He flings her boots at her, and she watches in slow motion as they land, spraying dust and dirt from the barn. She had, earlier that week, worn those boots as she sang to the horses to calm her mind on a sleepless night. Promises shattered, she scrambles to pick up her boots, losing him and the horses, her only place of solace. Hope is gone. Her ears ring with his words, a broken record, only days earlier: “Come on home, honey.”
She had unearthed a fossil...
A slight bump, pearly white, attracts her eye. As she slowly brushes the dirt off the surface, she sees the bones: the hollow, dull eye sockets, disturbing jut of a dislocated jaw, gaping mouth. She notices how deep it is buried--the tip of an iceberg. Then, just as she puts her brush down to look closer, the wind, a whispered warning, stirs a cloud of dirt that settles over the remains, filling the holes and smoothing the jagged edges. In an instant, she forgets, consciously choosing to disregard those feelings of disturbance. She picks up her brush and hesitates, torn between logic and temptation. Compelled, entranced, she gingerly touches the bristles to the dirt. Maybe it won't be ugly this time; perhaps it wasn't as disturbing as she thought. She could have made it up--just her mind playing tricks on her. If she trusts her hesitation, though, she foregoes the excitement of discovery. But she has already seen what lies beneath. A glimpse should have been enough.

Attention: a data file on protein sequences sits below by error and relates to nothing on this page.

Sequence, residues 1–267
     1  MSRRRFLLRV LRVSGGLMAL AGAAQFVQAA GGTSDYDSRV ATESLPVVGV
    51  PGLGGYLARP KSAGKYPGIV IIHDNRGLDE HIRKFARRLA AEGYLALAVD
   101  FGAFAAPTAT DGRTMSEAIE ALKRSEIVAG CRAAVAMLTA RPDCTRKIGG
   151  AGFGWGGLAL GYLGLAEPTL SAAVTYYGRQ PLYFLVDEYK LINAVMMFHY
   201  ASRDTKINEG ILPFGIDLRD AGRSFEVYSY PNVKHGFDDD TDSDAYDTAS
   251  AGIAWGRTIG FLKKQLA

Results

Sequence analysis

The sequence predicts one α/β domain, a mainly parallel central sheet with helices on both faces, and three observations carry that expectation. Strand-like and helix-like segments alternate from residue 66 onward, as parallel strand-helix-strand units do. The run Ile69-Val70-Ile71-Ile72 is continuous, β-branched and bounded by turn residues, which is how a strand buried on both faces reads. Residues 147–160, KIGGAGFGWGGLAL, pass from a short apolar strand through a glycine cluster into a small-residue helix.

She cannot look away. Hesitation is devoured by anxiety; compulsion grows stronger, takes control. And she lets it. She sweeps the bristles slowly at first then picks up speed, furiously sweeping away the earth. She should have trusted that tug of hesitation, should have left the brush and walked away. She didn't want to see it; she looked anyway. The image, horrifying, discolors her own skin to match the gray of the bones. Frozen, petrified, she watches worms slither through cracks in the skull. The head is twisted and detached, unnaturally askew. The ribs are shattered, by knife or gunshot, where the heart once was.
She punishes herself. Self-loathing swells and festers as she resentfully reflects on her choice to dispel her better judgment. She avoids mirrors, afraid to see skin that remains gray. The horrifying truth of what she chose to uncover disturbs her dreams.
I awake, coughing, disoriented, clothes adhered to skin by cold sweat. Anxious, hollowed, robotic, I reach for a cigarette.
from "The Story of Ky" by smc